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PLAYING THE LOSING GAME
Gerald F. Dionne
April 18, 1988
Odd things happen when both baseball teams try to lose
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April 18, 1988

Playing The Losing Game

Odd things happen when both baseball teams try to lose

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It seemed to me the cat was out of the bag and that both teams were trying to lose the game. Furthermore, neither team wanted anyone else to know what was going on, especially the umpires. The farce was on.

One of baseball's many curious facets is that a team cannot score on itself. We had a 2-0 lead, but Plateau was winning. To adapt a Yogi Berra quote, "If they wouldn't score, we couldn't stop them." In a curious way, this anti-game had become a contest of a different sort—a new, perhaps perverted, challenge to which we had to respond. Coach Bain told us to play as though we were unaware of Plateau's plan.

After four quick innings, Bain told me to start loosening up to pitch. Because I was supposed to be resting for the "real" playoffs, I questioned this move, but he had a new plan: We would use up our subs and then stage an injury to force a default. To be convincing, he wanted something dramatic. At that point, I jokingly suggested that Hughes volunteer to stick his head in front of a pitch.

"You're close," Bain said. "You will throw a pitch, and Johnny [Umbach, our catcher] will fake an injury."

When our team came off the field at the top of the sixth inning, Bain, Umbach and I quickly discussed our tactics. It was decided that a fist would be the signal for a wild pitch in the dirt, and Umbach would do the rest.

I took the mound in the bottom of the inning and retired the first batter on a ground ball. Then, with a l-and-2 count on the second batter, I saw Umbach's fist. I had selected a spot about three feet in front of the plate; if I could come close to it, I calculated that the height of the bounce would be about right. The important thing was to keep the pitch down the middle. For this one, I came right over the top and gunned it. The ball hit slightly in front of my target, but the carom was perfect—right into the lower part of Umbach's chest protector, and he made it appear convincingly close to his most sensitive area.

Umbach's scream must have been heard two blocks away. He keeled over and assumed a fetal position on the ground, waiting for help to arrive while attempting to hide his giggling behind his moans and sobs. Coach Bain told the home plate umpire that Umbach had forgotten his protective cup, and the official sympathetically pointed out that there was a hospital nearby. Four players, one on each limb, carried our "casualty" to a car. When they were safely out of sight and their laughter out of earshot, the umpire was informed that we had no more eligible substitutes.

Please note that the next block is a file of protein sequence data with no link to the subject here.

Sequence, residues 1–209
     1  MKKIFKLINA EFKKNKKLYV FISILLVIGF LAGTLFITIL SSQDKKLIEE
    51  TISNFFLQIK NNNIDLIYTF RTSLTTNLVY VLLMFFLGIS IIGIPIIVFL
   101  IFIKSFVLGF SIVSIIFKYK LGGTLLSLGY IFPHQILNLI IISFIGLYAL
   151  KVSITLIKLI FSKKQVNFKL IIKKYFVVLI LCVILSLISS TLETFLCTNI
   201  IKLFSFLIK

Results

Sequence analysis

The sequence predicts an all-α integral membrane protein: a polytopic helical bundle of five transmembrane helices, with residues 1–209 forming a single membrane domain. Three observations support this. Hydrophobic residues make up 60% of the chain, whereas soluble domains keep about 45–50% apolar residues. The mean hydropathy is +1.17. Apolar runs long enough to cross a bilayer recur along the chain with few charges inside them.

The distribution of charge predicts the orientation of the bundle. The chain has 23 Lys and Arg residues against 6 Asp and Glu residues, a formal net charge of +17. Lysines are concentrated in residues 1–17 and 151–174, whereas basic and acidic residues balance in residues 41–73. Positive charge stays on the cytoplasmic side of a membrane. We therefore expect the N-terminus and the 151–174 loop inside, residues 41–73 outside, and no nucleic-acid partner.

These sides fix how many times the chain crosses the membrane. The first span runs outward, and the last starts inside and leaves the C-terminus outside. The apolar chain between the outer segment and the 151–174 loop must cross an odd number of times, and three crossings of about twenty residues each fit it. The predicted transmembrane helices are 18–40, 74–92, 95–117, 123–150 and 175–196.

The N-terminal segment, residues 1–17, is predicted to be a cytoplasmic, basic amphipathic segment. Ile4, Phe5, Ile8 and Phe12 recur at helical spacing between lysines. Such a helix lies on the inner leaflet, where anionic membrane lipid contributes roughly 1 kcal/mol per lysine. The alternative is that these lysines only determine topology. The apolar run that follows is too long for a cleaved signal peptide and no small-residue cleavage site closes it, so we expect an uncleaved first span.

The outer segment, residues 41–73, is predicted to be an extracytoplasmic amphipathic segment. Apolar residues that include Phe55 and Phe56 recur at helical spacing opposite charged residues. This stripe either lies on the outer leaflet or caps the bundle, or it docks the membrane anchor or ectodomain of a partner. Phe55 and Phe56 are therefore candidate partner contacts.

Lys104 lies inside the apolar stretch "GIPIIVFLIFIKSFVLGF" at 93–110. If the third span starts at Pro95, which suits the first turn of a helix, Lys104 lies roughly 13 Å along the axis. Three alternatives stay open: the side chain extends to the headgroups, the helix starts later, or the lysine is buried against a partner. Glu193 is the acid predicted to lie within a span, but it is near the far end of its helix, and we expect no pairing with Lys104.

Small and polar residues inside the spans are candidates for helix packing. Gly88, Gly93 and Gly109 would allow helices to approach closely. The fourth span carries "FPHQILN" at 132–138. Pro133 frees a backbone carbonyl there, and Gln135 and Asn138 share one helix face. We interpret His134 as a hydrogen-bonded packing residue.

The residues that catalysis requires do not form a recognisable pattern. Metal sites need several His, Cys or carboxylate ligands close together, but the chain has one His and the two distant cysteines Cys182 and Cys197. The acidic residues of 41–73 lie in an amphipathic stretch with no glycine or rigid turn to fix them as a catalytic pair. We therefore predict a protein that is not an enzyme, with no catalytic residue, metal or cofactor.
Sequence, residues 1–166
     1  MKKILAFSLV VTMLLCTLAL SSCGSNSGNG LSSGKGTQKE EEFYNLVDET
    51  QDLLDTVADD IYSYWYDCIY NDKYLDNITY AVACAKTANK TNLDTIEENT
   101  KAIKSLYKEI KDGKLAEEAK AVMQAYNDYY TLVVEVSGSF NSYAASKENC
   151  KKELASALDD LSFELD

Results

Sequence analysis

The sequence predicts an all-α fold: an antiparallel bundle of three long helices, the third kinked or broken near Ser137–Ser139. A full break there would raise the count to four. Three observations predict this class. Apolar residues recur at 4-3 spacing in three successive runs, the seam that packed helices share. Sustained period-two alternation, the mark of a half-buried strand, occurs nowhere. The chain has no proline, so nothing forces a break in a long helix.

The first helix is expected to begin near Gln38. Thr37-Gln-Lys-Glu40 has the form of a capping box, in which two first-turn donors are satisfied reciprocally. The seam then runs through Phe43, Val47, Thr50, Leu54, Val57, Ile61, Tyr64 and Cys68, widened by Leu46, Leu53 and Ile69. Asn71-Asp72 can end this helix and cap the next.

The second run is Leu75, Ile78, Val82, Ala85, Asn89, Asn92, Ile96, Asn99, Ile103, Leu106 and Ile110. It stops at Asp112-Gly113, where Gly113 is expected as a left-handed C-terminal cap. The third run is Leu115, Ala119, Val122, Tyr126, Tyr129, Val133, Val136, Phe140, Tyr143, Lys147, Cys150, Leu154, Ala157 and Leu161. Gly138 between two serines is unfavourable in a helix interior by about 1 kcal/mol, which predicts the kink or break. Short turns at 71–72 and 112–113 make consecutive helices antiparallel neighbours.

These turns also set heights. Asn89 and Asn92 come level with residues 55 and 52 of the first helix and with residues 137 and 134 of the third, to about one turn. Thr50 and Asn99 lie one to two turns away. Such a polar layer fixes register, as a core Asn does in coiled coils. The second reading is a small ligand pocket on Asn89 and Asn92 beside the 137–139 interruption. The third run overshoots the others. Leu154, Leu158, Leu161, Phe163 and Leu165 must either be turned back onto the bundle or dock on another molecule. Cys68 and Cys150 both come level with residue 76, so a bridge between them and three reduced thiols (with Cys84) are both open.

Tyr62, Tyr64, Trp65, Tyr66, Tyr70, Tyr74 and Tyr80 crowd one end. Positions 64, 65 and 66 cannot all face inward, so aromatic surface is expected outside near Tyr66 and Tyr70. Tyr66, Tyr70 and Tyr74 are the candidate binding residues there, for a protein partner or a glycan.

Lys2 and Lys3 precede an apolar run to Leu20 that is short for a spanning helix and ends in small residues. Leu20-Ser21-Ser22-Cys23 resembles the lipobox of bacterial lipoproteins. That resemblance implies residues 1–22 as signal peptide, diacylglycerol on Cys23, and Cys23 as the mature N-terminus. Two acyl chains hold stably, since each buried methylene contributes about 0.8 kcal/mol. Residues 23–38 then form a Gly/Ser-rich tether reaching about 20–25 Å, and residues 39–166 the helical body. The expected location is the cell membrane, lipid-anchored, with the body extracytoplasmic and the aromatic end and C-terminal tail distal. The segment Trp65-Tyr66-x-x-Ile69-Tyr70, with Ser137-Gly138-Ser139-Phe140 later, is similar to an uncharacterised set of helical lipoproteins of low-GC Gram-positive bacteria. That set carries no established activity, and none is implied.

By this time, I had retreated from the scene at home plate to a point on the first base line, not far from the Plateau bench. As the umpire ruled that Plateau had won by forfeit, I sensed someone standing behind my left shoulder and heard a semiwhisper in broken English: "Maudit ["Goddam"] Dionne, dat was a nice pitch, you——!" There is something almost pyrotechnic about the way a French Canadian enunciates an obscenity, especially a three-syllable English one. It was the Plateau coach, and he was neither fooled nor amused by the performance. With the passage of time, I have tried to persuade myself that his curse was in part congratulatory.

The theater of the absurd had ended, and we had won by losing, but now the serious games were about to begin. With remarkable ease, we defeated first-place Laval in two straight. Our jubilation was quickly dampened, however, when we learned that Plateau had also advanced to the semifinals by dispatching second-place Ville-Marie in similar fashion. Town was going to have to face Plateau again! And we knew that that sudden-death game would not go unavenged.

Our first game against Plateau was on a sunny Saturday afternoon at our home field, and it was my turn to pitch. For five innings everything went our way, and we quickly opened up a 2-0 lead. Plateau showed little offense up to that point, and I felt in command. But by the third time through the batting order, the strike zones were looking even smaller and my fastball was getting bigger. A walk and a single preceded a Samson triple, and the score was tied. Plateau waited until the last innings to score its winning runs.

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